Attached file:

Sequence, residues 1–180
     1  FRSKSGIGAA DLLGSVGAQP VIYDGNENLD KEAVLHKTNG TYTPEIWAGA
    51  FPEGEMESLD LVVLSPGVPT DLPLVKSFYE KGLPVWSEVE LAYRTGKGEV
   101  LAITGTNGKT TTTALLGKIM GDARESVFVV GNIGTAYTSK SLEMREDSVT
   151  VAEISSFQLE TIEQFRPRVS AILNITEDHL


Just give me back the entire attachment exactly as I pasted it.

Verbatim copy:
Sequence, residues 1–180
     1  FRSKSGIGAA DLLGSVGAQP VIYDGNENLD KEAVLHKTNG TYTPEIWAGA
    51  FPEGEMESLD LVVLSPGVPT DLPLVKSFYE KGLPVWSEVE LAYRTGKGEV
   101  LAITGTNGKT TTTALLGKIM GDARESVFVV GNIGTAYTSK SLEMREDSVT
   151  VAEISSFQLE TIEQFRPRVS AILNITEDHL